Statin Label Changes

   
The Medical Letter on Drugs and Therapeutics • March 19, 2012;  (Issue 1386)
Citing some recent reports, the FDA has announced changes in the safety labeling of all HMG-CoA reductase inhibitors...
Citing some recent reports, the FDA has announced changes in the safety labeling of all HMG-CoA reductase inhibitors (statins).
Med Lett Drugs Ther. 2012 Mar 19;54(1386):21 | Show Full IntroductionHide Full Introduction

What about Niacin?

   
The Medical Letter on Drugs and Therapeutics • November 28, 2011;  (Issue 1378)
The results of the AIM-HIGH trial conducted by the US National Heart, Lung and Blood Institute (NHLBI) were recently published. The goal of the trial was to test whether addition of niacin to intensive...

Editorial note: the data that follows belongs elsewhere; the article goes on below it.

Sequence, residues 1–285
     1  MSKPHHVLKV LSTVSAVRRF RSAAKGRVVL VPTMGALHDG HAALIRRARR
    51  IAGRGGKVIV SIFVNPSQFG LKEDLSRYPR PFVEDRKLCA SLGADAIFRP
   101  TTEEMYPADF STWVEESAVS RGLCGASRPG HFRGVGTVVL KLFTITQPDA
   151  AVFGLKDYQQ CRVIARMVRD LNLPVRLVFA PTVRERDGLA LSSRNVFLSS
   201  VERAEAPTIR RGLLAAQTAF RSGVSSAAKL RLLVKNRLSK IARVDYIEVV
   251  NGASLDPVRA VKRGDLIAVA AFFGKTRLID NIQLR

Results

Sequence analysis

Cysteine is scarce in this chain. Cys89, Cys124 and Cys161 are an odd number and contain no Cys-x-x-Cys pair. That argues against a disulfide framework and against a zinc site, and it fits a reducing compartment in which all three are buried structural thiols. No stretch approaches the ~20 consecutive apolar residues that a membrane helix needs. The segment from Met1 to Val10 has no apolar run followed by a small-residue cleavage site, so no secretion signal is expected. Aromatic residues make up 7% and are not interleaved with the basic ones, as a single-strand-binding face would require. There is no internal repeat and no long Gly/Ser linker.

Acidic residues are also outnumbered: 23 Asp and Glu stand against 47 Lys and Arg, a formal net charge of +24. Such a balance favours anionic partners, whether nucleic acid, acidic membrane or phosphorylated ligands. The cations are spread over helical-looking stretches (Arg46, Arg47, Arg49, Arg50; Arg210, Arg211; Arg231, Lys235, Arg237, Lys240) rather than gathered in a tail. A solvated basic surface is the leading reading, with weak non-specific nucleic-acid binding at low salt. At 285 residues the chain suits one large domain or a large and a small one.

The results of the AIM-HIGH trial conducted by the US National Heart, Lung and Blood Institute (NHLBI) were recently published. The goal of the trial was to test whether addition of niacin to intensive statin therapy would further reduce the risk of cardiovascular disease. The trial was stopped prematurely after an average follow-up of 3 years because niacin therapy had not shown any clinical benefit.
Med Lett Drugs Ther. 2011 Nov 28;53(1378):93-4 | Show Full IntroductionHide Full Introduction

Sitagliptin and Simvastatin (Juvisync)

   
The Medical Letter on Drugs and Therapeutics • November 14, 2011;  (Issue 1377)
The FDA has approved Juvisync (Merck), a fixed-dose combination of the antihyperglycemic DPP-4 inhibitor sitagliptin (Januvia) and the HMG-CoA reductase inhibitor simvastatin (Zocor, and...